A Jazz/Rock masterpiece
The Mahavishnu Orchestra is a multinational mix of virtuoso players led by English guitarist John McLaughlin, Irishman Rick Laird on bass, Panamanian-American drummer Billy Cobham who “cut his teeth” playing with one Miles Davis in the 60s and 70s, Czech pianist Jan Hammer, and American violinist Jerry Goodman (The Flock). The year was 1973, the dawn of jazz/rock fusion experimentation, and the band, under the thoughtful touch of producer of British Ken Scott (The Beatles, Elton John, Pink Floyd, Jeff Beck Group, Procol Harum, among many more…), released Birds of Fire (Columbia Records). It was their 2nd and last studio recording with the original lineup before dissolving. It remains a jazz/rock fusion record of the highest category.
They were getting into unknown territory with their previous release The Inner Mounting Flame by introducing jazz to fellow genres rock, Eastern, R&B, classical and country. The effect had broad appeal among the younger listeners, easing an appreciation of newer paths of musical directions and its infinite possibilities.
The title track Birds of Fire begins the event in astonishing form, showcasing the mesmerizing interplay between the players. The riff-off between McLaughlin and Goodman simply soars perhaps like the birds in the title, building into ear-pleasing solos that would make this song a classic among jazz purists and rockers alike. The song is aptly described by All About Jazz critic Walter Kolosky, “Birds of Fire, which opens the album is a fusion classic. John McLaughlin scares the hell out of his guitar with his melodic convulsions. If you ever want to frighten a musical neophyte, turn your stereo up really loud and play the cover tune - it’s guaranteed to send him or her fleeing”. Track 2 Miles Beyond is a tribute by McLaughlin to his mentor Miles Davis that serves up some opening funky vibes on Hammer’s Moog synthesiser joined by a bassline and rat-ta-tat stick work in an arrangement that overlaps and comes back to ground, slowing on some of the finest fret-work by McLaughlin, almost tip-toeing into the explosive finale of musical fireworks that simply dazzles on every level with each player chiming in, stealing the show and then back to the line, everyone in their lane.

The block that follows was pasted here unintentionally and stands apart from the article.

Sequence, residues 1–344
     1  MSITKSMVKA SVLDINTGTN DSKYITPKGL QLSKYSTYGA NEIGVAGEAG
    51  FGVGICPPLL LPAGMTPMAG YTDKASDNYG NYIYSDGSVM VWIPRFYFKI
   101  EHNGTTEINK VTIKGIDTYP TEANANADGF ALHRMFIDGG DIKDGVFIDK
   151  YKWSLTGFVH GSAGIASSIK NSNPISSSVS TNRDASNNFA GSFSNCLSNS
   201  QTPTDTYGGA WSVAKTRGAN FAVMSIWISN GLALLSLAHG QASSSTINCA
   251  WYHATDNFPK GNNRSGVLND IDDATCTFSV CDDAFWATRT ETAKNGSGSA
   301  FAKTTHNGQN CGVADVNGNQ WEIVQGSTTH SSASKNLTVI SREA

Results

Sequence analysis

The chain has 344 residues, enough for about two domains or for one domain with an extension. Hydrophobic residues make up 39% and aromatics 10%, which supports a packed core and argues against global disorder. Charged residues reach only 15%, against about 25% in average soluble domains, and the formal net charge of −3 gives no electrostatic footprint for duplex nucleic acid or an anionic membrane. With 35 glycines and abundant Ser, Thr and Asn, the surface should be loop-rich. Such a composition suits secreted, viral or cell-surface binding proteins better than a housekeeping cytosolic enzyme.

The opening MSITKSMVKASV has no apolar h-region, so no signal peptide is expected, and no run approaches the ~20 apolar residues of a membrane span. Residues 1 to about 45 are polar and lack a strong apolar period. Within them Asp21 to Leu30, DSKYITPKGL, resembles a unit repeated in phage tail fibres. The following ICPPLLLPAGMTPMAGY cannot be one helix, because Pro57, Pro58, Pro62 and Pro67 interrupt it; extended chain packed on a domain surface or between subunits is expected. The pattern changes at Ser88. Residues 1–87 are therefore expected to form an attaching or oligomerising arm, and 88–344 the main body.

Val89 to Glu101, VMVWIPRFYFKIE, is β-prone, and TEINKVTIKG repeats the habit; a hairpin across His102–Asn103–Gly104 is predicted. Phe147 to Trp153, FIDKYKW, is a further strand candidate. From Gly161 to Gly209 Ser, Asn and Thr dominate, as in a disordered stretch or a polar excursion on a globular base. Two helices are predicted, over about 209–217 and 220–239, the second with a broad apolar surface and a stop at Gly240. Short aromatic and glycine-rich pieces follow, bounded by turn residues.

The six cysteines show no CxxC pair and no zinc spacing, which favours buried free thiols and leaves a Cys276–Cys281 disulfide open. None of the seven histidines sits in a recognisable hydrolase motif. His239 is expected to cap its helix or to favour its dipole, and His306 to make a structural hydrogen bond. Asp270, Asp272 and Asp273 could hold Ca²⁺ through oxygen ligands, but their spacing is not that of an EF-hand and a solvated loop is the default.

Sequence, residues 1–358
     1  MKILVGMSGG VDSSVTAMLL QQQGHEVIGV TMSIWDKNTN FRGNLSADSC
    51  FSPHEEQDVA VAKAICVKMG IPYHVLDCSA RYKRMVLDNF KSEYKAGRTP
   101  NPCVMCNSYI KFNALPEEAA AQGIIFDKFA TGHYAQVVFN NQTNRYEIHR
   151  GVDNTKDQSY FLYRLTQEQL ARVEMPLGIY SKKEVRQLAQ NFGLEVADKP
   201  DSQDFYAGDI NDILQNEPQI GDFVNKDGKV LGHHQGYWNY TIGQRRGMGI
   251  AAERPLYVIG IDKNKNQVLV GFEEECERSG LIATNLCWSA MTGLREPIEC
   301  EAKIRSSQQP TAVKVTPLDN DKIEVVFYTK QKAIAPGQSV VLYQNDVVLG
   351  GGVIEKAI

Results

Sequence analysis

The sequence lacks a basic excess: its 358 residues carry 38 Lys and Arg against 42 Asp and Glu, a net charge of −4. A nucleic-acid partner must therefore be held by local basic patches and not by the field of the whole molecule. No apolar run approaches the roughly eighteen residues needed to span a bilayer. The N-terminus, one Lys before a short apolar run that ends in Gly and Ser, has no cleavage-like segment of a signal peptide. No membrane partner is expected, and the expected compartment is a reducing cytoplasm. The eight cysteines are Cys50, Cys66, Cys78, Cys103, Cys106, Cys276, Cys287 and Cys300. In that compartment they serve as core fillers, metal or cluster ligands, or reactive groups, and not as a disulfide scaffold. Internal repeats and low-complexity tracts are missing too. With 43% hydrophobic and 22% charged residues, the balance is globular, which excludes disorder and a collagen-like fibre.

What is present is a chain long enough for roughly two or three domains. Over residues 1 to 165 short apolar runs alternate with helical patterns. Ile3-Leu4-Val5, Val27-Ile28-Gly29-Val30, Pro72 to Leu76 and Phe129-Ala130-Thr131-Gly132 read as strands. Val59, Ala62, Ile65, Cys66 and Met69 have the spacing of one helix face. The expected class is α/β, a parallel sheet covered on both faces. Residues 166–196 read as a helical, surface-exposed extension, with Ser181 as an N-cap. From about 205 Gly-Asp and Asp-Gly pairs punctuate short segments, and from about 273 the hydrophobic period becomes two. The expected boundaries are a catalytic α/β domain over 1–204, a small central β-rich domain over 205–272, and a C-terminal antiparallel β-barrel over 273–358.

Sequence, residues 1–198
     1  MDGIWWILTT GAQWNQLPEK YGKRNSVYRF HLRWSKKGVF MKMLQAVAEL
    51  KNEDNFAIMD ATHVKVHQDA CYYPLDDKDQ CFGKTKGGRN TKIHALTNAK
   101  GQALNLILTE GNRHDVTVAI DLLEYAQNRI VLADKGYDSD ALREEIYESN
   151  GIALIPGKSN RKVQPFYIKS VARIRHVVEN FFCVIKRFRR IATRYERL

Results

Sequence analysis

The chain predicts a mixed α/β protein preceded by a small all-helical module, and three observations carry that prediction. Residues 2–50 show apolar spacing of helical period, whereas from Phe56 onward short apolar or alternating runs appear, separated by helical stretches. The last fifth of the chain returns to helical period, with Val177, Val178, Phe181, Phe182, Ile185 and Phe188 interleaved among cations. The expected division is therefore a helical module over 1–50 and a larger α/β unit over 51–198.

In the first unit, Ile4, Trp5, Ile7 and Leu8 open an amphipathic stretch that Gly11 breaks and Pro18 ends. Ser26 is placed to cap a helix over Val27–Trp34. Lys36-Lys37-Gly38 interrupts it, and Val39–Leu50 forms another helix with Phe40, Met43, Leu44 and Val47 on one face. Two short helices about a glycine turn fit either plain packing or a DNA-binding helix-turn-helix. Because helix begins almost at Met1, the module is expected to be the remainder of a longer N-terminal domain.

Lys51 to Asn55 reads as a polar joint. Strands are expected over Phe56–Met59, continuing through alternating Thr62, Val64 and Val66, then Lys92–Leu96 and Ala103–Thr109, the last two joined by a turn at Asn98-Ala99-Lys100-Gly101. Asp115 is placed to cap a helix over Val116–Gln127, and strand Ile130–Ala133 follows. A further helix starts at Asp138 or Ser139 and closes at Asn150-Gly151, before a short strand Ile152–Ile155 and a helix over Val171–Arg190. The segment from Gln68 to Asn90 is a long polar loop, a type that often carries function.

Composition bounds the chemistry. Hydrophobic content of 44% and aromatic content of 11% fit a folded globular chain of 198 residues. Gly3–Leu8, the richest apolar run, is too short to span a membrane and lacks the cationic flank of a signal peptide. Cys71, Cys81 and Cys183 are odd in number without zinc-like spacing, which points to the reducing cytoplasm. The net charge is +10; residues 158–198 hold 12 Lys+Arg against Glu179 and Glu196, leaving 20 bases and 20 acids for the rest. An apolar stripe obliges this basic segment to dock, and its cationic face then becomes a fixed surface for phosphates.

McLaughlin is in spectacular flare throughout the show, not only composing all the arrangements himself, but also his mercurial speed and soft touch in playing guitars, like his electric/acoustic Gibson Hummingbird, a Fender Mustang, a Gibson EDS 1275 double neck and especially his ‘58 Gibson Les Paul Custom which he claims was the perfect instrument for the harder sound.
The funky Celestial Terrestrial Commuters is probably the album’s busiest number, starting with a 19/16 groove then another frenetic duel between violin and guitar that shows the passion and purpose they display for the entire record. Things slow down on Thousand Island Park and Hope, using an Eastern classical touch (perhaps Indian) in the former, and Hope climbs and climbs to a mellow climax.
The jewel in the crown is the multi-textured intensity of One Word where each of the gifted players lean in with their own solos; Laird on a rare bass solo and Cobham’s 2-minute drum solo flight that shows why he’s one of the best drummers in the world, leading straight into McLaughlin’s tight ‘speed-of-light’ zigzagging, wah wahs howling and Goodman responding in kind with some more insane licks. This nearly 10-minute opus is perhaps their best work during their short-lived time together, which isn’t an easy thing to say considering the breathtaking talent involved here. Open Country Joy is just what the title implies: a freer, truly soulful Birds of Fire song, with some lovely country touches on violin and guitar...another classy classic. The album closes with the fitting title Resolution, a low-boil intensity exercise that builds to a peak, ending a feverish collection of magnificent pieces.
If you are new to Mahavishnu Orchestra this is a magical place to start, also recommended for rock fans who cherish names like Jimi Hendrix and King Crimson, for example, and of course jazz nuts the world over.
Pound for pound, the collection of players and songs make it practically untouchable, back then, and even today. An everlasting masterpiece.